- Yvo de Vries (partner, Amsterdam), Midas Klijsen (associate, Amsterdam) and Marik Pannekoek (associate, Amsterdam): De Commissie aan de poort: de voorgenomen regulering van techreuzen onder de Digital Markets Act, Nederlands Tijdschrift voor Europees Recht, 1-2, 2021
A typical working day in Istanbul involves… a cross-continental journey (when I don’t work from home) because I live in the Asian side and our office is located in the European side.
If I hadn’t become an antitrust lawyer, I would be… an astronaut! I used to say I would be either an antitrust lawyer or an astronaut, when I was six years old. I am sticking to my previous statement for the sake of consistency.
The best career advice I’ve been given is… from a (senior) colleague who told me to always keep human relations as my top priority.
The most interesting case I’ve worked on is… a cartel and a merger control (Phase II) case that ran in parallel and involved the same parties (because the parties decided to merge during a cartel investigation!).
For me, being a good lawyer/advisor means… having in-depth and up-to-date technical knowledge on your area of expertise and the ability to adapt yourself to the needs of the client and its business - there is no one-size-fits-all approach, you need to be pragmatic and flexible.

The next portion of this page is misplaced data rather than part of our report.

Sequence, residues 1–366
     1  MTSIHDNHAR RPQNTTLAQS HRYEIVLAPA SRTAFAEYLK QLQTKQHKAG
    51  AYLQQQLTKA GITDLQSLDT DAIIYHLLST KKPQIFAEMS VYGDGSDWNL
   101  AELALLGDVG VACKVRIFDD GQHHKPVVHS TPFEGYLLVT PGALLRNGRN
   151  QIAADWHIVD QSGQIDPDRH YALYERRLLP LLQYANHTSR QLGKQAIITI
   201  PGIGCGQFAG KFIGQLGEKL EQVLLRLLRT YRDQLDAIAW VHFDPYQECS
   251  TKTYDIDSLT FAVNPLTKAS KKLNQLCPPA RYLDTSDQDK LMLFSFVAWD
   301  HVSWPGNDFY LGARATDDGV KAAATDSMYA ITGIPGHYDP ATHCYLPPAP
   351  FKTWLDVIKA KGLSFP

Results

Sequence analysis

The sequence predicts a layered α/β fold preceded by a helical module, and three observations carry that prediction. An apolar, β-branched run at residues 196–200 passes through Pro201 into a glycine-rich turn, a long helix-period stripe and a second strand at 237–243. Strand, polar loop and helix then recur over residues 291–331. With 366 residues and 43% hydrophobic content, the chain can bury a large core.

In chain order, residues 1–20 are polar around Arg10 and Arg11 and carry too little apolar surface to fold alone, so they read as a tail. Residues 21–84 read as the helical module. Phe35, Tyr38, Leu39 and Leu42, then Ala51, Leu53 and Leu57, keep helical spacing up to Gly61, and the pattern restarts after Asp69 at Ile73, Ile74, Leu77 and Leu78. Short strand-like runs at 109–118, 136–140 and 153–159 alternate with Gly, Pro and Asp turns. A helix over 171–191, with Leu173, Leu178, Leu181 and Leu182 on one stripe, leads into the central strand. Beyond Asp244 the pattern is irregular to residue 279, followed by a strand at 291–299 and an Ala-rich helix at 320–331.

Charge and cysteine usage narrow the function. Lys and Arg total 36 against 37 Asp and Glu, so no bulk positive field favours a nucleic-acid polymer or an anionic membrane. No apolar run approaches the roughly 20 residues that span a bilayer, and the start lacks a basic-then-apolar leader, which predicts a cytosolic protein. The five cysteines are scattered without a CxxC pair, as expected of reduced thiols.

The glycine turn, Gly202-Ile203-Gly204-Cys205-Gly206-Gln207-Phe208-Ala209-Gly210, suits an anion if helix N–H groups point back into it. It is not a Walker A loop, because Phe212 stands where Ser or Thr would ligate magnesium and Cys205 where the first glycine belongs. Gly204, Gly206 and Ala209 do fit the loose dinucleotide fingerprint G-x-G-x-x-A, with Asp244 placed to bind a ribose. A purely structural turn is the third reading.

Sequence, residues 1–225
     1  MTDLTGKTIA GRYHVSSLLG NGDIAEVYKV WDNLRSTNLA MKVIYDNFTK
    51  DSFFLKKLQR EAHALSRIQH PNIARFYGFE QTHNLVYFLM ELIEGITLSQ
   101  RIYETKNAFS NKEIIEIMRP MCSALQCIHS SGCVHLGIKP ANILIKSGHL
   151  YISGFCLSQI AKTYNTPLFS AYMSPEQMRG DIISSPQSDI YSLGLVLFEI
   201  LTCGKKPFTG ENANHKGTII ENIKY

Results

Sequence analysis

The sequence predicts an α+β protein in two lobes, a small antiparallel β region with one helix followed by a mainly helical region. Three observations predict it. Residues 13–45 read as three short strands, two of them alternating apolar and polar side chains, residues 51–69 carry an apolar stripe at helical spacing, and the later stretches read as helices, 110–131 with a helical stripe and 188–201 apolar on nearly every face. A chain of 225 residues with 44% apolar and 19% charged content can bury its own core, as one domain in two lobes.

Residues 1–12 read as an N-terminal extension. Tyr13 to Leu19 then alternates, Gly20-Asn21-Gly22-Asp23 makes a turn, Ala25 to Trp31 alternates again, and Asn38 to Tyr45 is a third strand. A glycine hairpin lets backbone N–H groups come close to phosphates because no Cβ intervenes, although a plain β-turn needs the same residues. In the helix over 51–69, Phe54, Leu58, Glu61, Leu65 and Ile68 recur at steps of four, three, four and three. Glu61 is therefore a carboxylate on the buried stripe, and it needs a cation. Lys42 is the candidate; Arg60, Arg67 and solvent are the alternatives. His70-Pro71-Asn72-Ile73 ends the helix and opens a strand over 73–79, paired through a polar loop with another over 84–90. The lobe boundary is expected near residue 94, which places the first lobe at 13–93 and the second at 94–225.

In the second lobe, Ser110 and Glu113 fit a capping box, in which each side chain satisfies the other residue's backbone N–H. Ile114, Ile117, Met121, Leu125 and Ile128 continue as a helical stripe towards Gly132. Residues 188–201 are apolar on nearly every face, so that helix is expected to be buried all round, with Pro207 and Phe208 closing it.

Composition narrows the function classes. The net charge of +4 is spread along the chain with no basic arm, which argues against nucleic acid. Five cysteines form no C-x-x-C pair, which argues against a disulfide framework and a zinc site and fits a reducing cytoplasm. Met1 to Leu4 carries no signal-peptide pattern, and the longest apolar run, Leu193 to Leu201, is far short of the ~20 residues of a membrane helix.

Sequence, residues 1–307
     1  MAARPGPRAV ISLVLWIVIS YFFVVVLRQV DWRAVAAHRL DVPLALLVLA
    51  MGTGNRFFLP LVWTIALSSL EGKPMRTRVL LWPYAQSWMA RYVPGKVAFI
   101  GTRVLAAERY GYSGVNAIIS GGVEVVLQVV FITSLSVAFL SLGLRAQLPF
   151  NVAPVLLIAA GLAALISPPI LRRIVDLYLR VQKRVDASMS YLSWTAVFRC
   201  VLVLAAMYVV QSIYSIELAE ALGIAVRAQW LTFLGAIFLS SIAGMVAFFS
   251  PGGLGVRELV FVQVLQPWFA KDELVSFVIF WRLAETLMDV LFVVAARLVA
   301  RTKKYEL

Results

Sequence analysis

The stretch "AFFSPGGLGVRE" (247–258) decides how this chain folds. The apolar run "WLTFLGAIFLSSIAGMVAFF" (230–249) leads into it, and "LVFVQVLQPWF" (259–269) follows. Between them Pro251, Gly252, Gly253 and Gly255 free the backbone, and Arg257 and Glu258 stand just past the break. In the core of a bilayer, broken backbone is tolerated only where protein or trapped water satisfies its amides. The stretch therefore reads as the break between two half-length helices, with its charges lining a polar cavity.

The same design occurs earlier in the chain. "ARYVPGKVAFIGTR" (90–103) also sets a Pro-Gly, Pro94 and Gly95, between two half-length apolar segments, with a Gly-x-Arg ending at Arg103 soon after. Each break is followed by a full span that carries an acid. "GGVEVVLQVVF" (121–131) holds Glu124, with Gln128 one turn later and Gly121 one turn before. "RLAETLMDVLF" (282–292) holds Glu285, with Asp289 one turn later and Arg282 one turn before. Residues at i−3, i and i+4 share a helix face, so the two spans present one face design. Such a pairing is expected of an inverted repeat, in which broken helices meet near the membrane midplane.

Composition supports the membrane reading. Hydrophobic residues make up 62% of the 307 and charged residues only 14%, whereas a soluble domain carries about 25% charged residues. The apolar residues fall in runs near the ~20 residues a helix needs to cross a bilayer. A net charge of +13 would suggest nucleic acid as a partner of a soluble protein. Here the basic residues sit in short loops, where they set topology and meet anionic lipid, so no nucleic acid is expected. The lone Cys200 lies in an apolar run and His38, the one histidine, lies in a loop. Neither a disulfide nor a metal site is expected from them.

Something I’d like to do but haven’t yet done is… bungee-jumping.
My ideal weekend in two sentences… go somewhere near to Istanbul with my wife and daughter for winter camping or swimming (depending on the season, obviously).
My typical weekend in two sentences… continue to work, take care of the household stuff, play Sylvanians or Barbie with my six-year-old daughter, have a movie night with my wife (which is definitely a luxury when you have a six-year-old and a busy work life).
Something that might surprise you about me is… I don’t have long hair and beard as in my photo anymore!
My top tip for visitors to Istanbul (when we can travel again) is… to visit not only the popular touristic places but also the old neighbourhoods (such as Fatih/Beyazıt, Nişantaşı/Bağdat, Kadıköy/Moda) where you will be amazed to experience different cultures in such short distances as well as their impact on daily life.